What is the relationship between ‘human rights’ and other conceptions of ‘rights’? What is the nature and impact of human rights? How have alternative narratives of rights shaped how individuals and groups frame inequality, access, or injustice?
In Spring 2015, Social Science Matrix sponsored a seminar that set out to examine these and other questions, through a broad exploration of the concept of human rights. Led by Zain Lakhani and Lasse Heerten, both postdoctoral fellows in in the UC Berkeley Human Rights Program, this Matrix seminar brought together researchers from diverse fields such as geography, rhetoric, history, African American studies, sociology, anthropology, law, and comparative literature. The purpose was “to bring together scholars who are not only geographically and academically diverse, but also explore ‘rights’ in a multiplicity of ways, from traditional ‘human rights’ narratives to decolonization, memory, and land use.”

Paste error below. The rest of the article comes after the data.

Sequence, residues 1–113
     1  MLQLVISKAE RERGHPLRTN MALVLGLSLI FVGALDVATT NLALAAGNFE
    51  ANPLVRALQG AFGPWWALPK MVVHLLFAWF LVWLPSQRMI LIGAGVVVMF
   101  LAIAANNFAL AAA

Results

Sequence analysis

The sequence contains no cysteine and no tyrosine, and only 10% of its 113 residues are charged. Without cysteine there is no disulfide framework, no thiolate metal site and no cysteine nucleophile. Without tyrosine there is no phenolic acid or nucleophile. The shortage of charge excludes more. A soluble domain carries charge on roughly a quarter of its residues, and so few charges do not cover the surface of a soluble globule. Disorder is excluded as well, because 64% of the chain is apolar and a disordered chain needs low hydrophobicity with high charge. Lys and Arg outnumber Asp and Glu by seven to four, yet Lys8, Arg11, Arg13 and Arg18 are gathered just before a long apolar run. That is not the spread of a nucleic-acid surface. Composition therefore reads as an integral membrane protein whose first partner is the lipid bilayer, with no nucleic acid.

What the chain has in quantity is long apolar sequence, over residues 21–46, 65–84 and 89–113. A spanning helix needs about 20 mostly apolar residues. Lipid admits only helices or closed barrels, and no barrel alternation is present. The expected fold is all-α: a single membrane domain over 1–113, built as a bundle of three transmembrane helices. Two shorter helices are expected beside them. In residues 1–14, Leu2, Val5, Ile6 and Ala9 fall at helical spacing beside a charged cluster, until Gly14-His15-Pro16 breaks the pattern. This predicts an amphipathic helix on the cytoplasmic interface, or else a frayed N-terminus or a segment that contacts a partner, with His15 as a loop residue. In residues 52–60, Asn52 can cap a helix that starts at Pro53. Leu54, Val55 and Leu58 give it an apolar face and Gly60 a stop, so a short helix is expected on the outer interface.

The core issue was summarized in the group’s proposal: “Since the late twentieth century, ‘human rights’ has become the predominant paradigm for framing inequality and injustice, which facilitates unprecedented levels of attention for oft‐underreported issues. But, as the language of human rights becomes more and more dominant, subsuming other struggles under this framework collapses their nuance, and threatens to yield narrower conceptions of equality and access.”
As an example, the group considered how the “human rights” took the forefront during the so-called Arab Spring uprisings: “Heralded by Western media as the triumph of human rights, citizens… vied for political participation and social justice,” the group wrote. “The terms of these movements, however, reflected a far more diverse and older set of civil and group rights than was reflected by ‘human rights’ language. Though understood within the dominant language of ‘human rights,’ these movements in fact embodied alternative models of rights and citizenship, which challenged the hegemony of individual claims.”